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Service, please!

The general state of customer service in America can be summed up in one word: poor. And, in many cases, customer service provided by Web-based businesses is even worse. Customer E-mails frequently go unanswered for days—if they are answered at all. When they are answered, the responses frequently don't make any sense or don't address a customer's problem. Organizations are currently pushing hard to implement solutions to help them better manage customer relationships. But before a firm worries about managing new customer relationships, it should repair the ones it already has.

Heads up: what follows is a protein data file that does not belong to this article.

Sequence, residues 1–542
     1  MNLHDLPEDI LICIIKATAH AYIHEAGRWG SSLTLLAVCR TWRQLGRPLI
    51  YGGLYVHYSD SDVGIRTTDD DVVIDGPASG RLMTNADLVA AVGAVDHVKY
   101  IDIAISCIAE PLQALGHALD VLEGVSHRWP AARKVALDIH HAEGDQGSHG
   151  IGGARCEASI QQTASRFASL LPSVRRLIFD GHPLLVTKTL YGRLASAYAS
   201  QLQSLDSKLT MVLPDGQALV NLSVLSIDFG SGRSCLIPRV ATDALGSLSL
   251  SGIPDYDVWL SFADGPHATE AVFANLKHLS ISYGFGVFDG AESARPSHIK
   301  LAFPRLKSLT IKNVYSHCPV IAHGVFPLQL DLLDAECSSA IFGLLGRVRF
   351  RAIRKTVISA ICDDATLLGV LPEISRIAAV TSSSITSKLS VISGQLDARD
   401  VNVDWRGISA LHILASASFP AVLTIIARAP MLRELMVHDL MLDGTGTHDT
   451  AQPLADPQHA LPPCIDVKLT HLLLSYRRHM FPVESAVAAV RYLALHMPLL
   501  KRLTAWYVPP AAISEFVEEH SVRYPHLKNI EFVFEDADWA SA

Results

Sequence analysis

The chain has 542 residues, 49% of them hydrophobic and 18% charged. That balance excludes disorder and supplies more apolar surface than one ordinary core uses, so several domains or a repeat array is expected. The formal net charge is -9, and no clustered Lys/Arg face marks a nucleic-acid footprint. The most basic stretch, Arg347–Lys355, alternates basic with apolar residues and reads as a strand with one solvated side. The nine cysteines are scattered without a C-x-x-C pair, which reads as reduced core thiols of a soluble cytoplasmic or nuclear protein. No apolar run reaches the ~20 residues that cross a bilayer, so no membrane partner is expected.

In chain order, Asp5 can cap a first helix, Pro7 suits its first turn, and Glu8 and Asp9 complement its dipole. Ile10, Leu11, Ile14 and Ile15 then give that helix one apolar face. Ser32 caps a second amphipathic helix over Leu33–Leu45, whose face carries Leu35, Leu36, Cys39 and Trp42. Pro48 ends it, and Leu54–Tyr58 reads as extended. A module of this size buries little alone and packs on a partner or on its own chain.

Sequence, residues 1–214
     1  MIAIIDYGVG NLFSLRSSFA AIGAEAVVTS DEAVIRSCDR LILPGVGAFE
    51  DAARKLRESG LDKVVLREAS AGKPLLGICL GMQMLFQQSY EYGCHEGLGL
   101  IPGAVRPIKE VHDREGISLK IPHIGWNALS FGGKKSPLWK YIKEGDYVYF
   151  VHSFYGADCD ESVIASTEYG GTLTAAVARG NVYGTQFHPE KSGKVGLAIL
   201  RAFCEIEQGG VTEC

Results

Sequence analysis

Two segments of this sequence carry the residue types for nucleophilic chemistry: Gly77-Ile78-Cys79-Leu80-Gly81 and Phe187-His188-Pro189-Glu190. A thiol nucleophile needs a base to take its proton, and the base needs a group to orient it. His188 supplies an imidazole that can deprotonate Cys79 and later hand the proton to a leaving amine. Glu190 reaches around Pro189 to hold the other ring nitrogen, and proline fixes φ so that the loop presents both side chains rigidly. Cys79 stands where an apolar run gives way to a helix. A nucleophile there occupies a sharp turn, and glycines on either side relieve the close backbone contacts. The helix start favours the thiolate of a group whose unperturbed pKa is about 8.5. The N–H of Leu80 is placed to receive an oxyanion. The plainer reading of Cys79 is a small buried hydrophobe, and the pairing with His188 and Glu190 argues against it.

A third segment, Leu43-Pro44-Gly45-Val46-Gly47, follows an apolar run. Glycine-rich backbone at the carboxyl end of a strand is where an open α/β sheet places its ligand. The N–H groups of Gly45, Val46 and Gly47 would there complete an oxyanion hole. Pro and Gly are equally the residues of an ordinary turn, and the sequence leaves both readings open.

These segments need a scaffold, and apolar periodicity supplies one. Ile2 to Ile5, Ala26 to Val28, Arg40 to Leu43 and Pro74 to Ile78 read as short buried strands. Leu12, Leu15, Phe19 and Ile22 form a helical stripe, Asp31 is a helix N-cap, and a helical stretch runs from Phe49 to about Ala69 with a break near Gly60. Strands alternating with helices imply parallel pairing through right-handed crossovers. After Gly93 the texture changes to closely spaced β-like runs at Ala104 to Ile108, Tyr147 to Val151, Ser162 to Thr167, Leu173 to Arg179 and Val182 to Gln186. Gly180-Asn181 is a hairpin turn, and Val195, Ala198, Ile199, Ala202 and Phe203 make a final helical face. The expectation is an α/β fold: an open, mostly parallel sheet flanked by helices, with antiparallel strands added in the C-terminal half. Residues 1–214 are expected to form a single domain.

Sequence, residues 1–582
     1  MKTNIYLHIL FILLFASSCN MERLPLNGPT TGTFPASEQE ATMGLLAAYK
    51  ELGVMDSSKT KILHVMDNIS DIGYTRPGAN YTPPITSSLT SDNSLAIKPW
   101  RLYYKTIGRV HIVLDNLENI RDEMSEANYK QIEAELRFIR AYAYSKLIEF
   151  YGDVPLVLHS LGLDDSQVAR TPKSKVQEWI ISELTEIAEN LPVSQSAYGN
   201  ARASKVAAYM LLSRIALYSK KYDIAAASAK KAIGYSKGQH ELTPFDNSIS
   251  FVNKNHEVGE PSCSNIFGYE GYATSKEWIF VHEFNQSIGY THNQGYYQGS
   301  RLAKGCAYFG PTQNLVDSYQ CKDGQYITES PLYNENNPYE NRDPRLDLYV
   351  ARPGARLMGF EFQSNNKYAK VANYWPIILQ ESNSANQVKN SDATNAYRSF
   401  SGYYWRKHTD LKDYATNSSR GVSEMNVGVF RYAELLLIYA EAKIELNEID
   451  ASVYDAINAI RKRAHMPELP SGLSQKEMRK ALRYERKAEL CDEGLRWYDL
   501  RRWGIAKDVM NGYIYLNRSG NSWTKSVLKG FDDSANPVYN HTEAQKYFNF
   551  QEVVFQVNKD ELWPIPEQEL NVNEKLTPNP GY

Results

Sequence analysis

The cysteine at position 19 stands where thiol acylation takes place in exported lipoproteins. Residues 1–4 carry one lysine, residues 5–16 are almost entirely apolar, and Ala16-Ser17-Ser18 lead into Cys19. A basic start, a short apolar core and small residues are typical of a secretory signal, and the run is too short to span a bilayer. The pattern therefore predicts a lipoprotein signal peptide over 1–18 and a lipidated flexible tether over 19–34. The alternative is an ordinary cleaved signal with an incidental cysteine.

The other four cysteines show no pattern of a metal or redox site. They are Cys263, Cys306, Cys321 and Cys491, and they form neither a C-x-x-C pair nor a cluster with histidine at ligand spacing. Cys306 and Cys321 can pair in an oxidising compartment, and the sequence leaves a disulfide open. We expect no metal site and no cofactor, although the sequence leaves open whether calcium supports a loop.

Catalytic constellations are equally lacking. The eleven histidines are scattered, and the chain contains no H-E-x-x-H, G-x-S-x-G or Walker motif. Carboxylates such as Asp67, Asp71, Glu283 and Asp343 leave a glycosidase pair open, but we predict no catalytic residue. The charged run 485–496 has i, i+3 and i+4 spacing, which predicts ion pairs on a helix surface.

Perhaps the most memorable, and recent, example of poor online customer service was the 1999 Christmas season. This was a bad time for many e-tailers, but toy e-tailers were particularly hard hit, with many missing a hard delivery date of Christmas Eve. The upcoming Christmas season is therefore critical to many online businesses, and it means more than just sales volume. Customer service will play a critical role this year, as more consumers attempt to buy from e-businesses. If consumers are disappointed again—many found it difficult to get help online—e-businesses will be in for some major rough weather in 2001.